Boz, Welcome back. This year's bench was supposed to be an improvement over last year's, but it hasn't happened. Pinch hitting doesn't scare anybody. In Spring Training Matt Williams mentioned that he intended to use everybody on a regular basis but it hasn't happened

Losing Harper, Z'man and Ramos for what will be at least 200 games (combined) has pushed Williams into using Werth, Desmond, Rendon and LaRoche as long as they can stand. If Z'man hadn't hurt his hamstring, it wouldn't have mattered. Everybody would have gotten rest. Now, it's probably going to be A Problem, especially for Werth, 35, and LaR, 34.

It's tough to give rest. But that 3 1/2 game lead, slim as it seems, means that you should. If you're 3 1/2 back, no way.

Since June 1st, he has a 4.29 ERA. Is something wrong with him?


He's the same pitcher he's been ever since he came back from TJ surgery. His fastball has never been the same. It's fast, but straight -- good enough, but not special, especially when he lacks command within the strike zone.

If Strasburg had had the same elbow injury one year earlier -- when he was in college -- and come back exactly as he has, he probably wouldn't have been drafted 1/1 and the mega hype (and the 14K debut) wouldn't have been as great. WEe'd look at him as a very good 32-26, 3.19 ERA pitcher (in his 88 post-TJ starts) who is easily thrown off his game by imperfections around him -- but still improving.

And we'd notice that he'll probably be the N.L. strikeout king this year.

A LOT of talented young pitchers are criticized (justly) early in theeir careers as they learn to maximize their talent -- like Bert Blyleven who was also rushed to the majors and was a near-.500 drive-everybody-crazy high-K semi-disappointment kind of Big Talent until he was older than Strasburg is now. He was durable, he improved steadily and he's in Cooperstown.

Will Strasburg be durable? Could the arm-injury naysayers be wrong. Well, he's 26 and past the "magic" age of 25 where you say, "Maybe this arm is fully developed will last a while."   

Mark Prior, often cited as a Strasburg comparable, only started 106 games in his whole career and none at all after he was 25. Knock on wood, maybe that's the good news about Strasburg. (Kerry Wood made it to 26, still power pitching, then broke down, so Stras isn't out of the woods.)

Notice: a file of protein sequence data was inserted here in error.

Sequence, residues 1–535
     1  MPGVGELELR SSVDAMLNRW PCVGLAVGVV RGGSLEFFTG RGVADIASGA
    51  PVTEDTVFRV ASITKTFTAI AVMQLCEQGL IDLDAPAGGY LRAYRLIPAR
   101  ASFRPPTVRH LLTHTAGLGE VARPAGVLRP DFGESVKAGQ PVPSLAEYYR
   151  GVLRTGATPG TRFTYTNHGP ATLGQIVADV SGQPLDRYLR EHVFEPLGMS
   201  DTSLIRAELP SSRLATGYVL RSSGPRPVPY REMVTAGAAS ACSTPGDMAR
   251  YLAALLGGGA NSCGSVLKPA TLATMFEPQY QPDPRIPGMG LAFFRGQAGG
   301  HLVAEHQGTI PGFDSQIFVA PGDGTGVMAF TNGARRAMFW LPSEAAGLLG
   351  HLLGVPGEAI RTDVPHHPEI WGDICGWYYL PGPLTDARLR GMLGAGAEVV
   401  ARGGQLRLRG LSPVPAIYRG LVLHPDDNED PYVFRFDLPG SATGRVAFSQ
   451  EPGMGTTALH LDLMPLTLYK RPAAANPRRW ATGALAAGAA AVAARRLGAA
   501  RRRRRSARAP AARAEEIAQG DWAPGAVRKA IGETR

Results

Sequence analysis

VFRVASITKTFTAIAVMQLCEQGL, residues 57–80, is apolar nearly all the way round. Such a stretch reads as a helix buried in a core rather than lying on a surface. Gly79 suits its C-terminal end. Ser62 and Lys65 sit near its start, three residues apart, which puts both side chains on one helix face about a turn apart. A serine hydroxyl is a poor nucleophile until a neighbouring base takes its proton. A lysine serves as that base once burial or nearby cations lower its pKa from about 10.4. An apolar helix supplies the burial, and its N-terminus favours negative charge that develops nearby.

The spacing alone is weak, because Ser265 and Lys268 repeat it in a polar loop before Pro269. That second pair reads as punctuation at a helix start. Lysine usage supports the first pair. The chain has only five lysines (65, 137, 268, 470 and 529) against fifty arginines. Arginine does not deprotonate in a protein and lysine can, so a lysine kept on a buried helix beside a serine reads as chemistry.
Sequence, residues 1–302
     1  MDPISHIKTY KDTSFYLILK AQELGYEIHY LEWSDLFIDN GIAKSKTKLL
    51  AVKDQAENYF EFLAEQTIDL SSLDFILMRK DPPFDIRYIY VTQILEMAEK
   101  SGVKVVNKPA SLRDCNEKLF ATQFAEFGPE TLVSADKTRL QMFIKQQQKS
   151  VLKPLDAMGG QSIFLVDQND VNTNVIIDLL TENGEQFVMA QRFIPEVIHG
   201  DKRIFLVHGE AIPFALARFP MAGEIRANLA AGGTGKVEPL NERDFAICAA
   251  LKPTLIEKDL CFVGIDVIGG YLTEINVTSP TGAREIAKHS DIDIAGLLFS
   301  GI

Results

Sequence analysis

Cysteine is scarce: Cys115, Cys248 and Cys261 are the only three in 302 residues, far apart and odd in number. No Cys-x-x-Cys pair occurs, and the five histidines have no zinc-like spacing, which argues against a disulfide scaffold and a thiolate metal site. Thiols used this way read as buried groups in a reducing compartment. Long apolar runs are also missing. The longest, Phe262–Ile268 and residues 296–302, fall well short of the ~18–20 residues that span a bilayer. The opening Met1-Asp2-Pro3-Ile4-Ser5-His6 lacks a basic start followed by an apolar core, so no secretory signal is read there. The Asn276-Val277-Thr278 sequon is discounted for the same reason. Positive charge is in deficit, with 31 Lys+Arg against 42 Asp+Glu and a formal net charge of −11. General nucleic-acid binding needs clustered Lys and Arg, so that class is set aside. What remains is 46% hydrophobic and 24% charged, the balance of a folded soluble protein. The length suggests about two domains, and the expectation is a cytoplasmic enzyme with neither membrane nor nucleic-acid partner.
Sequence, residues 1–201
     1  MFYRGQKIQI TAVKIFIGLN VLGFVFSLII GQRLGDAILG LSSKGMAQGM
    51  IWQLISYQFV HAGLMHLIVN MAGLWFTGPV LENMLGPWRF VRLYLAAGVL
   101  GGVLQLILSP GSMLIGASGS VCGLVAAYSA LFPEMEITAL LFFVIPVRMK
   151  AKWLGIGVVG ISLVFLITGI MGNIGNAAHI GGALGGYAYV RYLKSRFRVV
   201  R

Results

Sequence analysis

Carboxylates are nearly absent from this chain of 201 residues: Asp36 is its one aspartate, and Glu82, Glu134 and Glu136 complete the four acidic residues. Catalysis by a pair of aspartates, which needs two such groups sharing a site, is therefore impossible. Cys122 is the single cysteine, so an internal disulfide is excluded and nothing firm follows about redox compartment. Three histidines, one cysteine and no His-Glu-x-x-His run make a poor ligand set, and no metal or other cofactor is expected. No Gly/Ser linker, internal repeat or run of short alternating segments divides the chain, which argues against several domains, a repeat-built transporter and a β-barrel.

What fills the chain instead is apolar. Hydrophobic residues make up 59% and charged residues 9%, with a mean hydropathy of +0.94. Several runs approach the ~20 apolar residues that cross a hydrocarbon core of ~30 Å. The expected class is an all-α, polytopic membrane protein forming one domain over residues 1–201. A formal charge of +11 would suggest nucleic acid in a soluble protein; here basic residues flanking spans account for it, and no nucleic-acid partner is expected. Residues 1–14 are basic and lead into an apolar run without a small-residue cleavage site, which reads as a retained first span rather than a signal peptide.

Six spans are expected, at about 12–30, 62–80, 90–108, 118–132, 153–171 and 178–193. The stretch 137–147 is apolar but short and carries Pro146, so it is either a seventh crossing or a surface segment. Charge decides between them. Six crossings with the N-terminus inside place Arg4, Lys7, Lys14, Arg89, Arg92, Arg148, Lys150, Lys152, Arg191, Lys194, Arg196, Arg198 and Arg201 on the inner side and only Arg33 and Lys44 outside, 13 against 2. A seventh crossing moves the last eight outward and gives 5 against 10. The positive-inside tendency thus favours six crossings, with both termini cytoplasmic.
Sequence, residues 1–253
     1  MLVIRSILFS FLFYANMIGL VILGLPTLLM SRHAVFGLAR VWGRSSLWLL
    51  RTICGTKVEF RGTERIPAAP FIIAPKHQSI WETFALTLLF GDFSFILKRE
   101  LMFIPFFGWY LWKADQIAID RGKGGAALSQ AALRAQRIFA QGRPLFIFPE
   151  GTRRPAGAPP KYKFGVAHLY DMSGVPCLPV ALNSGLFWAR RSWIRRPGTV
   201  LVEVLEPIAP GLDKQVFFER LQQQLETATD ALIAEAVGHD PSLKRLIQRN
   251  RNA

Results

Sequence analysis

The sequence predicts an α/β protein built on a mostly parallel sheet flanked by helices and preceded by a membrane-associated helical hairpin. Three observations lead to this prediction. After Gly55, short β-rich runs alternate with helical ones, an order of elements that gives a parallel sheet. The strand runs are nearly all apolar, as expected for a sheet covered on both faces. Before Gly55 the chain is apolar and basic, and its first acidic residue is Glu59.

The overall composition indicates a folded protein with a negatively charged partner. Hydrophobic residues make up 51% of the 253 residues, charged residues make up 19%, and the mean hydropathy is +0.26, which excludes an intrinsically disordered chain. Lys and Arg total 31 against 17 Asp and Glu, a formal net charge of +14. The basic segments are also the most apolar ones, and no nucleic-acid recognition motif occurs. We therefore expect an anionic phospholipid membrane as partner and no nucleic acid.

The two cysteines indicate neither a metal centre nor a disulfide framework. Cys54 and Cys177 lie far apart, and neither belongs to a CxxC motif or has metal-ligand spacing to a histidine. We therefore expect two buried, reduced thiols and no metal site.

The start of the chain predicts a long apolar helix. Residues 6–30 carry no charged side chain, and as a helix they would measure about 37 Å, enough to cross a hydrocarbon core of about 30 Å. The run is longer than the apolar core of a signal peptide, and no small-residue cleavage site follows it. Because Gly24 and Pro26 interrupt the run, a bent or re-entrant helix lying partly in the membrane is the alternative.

Do you think McLouth is actually injured, or is this just a way to get Souza up who can actually help?

Convenient injuries are as old as baseball. Nobody cares.

Isn't Strasburg's fragile mind or Harper's ego. It's health. It's pretty clear they've got a bunch of battered guys in the everyday lineup: Werth, Harper and Ramos. None of them is going to generate the expected level of offense because of nagging injuries or recovery from them. Thrown in R. Zimmerman when he comes back and you've got another one. When do the Nats accept these guys are what they are this year and bring in some reinforcements, another veteran bat or two for the bench, especially after the rosters expand on Sept. 1?

You play out the hand you have -- the good parts as well as the worse-than expected. (For example, Ramos is hitting ~.290 and clubbed a long HR on Friday. His power may be returning. Harper has always been streaky. He hit a walk-off homer to the opposite field last week. Don't write off his season. Will Z'man be  back? And will he hit decentlky if he does? That's the Huge X Factor.)

Despite all the injuries, the Nats lead the N.L. in run differential and probably have the best (total) pitching staff among contenders. What is "lead in run differential" worth as a predictive tool? Well, it's a lot better than a sharp stick in the eye.

Look back a dozen years. If the Nats stay on the same pace, they'll have a better run differential than six of the last 12 World Series winners and 12 of the last 24 pennant winners.